Paper No. 7
Presentation Time: 3:30 PM
USE OF STUDENT DRAWINGS TO DOCUMENT CONCEPTUAL CHANGE IN LARGE ENTRY-LEVEL GEOSCIENCE COURSES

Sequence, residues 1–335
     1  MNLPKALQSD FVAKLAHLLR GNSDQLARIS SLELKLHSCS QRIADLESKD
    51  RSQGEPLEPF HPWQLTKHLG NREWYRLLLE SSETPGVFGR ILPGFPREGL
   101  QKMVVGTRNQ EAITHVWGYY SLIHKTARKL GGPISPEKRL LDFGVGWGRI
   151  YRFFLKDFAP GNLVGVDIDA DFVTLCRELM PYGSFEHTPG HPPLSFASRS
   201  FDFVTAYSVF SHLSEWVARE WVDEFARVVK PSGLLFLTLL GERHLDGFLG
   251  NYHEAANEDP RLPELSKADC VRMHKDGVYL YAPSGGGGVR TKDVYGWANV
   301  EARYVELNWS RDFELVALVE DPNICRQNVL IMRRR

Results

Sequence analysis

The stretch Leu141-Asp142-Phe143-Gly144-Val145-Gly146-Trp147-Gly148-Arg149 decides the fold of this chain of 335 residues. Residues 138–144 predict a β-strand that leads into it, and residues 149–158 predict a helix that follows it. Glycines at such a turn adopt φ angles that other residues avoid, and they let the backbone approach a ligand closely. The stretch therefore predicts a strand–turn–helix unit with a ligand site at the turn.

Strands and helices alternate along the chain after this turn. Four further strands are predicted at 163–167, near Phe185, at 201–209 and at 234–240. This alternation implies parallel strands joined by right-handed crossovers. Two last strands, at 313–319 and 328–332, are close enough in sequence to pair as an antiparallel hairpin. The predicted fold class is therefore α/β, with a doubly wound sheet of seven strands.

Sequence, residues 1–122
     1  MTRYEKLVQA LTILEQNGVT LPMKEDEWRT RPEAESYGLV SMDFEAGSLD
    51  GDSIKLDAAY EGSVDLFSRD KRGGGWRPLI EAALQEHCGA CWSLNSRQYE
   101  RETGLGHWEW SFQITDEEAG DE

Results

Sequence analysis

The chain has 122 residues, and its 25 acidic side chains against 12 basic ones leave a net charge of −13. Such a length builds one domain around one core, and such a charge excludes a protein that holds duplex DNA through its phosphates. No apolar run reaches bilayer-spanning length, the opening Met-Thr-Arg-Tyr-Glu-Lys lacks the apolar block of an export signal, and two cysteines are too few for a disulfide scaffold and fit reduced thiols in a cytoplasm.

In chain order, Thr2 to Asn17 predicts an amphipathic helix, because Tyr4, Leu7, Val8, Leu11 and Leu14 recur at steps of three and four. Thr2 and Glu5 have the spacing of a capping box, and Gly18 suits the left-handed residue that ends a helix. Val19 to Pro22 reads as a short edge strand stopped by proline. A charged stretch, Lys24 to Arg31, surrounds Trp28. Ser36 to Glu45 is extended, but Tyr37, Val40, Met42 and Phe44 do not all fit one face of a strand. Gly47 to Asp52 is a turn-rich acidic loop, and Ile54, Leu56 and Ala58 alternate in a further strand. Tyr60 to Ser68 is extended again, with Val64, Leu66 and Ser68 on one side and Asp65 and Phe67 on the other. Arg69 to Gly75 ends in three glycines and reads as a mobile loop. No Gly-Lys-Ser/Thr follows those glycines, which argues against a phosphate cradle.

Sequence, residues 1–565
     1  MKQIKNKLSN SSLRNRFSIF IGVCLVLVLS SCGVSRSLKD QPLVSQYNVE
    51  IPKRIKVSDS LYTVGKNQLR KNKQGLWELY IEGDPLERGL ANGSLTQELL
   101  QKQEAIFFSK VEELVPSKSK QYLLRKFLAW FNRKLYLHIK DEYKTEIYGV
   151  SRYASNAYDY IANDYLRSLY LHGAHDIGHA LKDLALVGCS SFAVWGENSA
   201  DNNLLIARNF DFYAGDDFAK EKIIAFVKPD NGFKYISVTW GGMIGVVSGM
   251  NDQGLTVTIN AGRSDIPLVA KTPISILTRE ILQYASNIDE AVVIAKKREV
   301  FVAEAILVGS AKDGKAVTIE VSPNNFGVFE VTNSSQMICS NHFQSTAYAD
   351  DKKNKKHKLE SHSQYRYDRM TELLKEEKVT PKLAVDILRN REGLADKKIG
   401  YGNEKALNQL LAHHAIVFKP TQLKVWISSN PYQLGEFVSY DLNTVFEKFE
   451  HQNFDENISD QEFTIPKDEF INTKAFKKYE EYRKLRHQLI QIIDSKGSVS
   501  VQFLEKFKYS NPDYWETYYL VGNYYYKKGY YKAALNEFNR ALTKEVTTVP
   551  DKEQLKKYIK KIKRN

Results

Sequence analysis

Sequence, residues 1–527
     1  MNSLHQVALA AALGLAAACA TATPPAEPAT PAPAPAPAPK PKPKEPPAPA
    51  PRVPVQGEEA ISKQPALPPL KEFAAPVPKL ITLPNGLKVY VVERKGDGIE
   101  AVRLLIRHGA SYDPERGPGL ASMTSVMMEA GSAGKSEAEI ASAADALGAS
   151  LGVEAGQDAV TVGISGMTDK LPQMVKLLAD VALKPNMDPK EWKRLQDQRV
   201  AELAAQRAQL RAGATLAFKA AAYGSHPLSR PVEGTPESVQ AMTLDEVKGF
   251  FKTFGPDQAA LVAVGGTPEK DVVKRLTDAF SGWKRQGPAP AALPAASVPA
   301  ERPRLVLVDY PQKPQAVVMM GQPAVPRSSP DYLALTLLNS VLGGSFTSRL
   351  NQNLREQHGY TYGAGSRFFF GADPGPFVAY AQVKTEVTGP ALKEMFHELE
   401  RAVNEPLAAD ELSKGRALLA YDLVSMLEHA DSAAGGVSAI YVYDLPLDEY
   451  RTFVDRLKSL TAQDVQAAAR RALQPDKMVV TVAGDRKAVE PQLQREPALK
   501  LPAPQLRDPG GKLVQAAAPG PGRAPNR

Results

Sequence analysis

Significant research has demonstrated that students at all levels hold alternative conceptions, explanations of natural phenomena that are at odds with scientific ideas. These alternative conceptions are often resistant to change and can persist despite the best efforts of instructors. Students enrolled in Introduction to Physical Geology at Ohio University were exposed to a conceptual change instructional intervention centered on student drawings. Pre-instruction drawings were collected from all students, and post-drawings of the Earth's interior were included on the final exam and used as a comparative post-test. Drawings were analyzed using the drawing analysis methods described by Gobert (2000), wherein common characteristics of student models of the Earth's interior were identified and coded. From the 128 pre-instruction drawings and accompanying text analyzed, several dominant themes emerged and a scoring rubric was developed that allowed scores to be assigned for each theme. Post-instruction drawings were similarly analyzed. Pre-instruction drawings indicate that students are entering entry-level geology courses with pre-existing non-scientific models of the Earth's interior. Comparison of scores computed for pre- and post-instruction drawings indicates that students are adopting many aspects of the scientific models of the Earth's interior, although a significant number of students are still either mixing the composition and physical state models or do not understand the difference between the two models. Comparison of these drawings with drawings produced by advanced geology majors indicates that the majority of entry-level students are acquiring understanding comparable to that of the majors.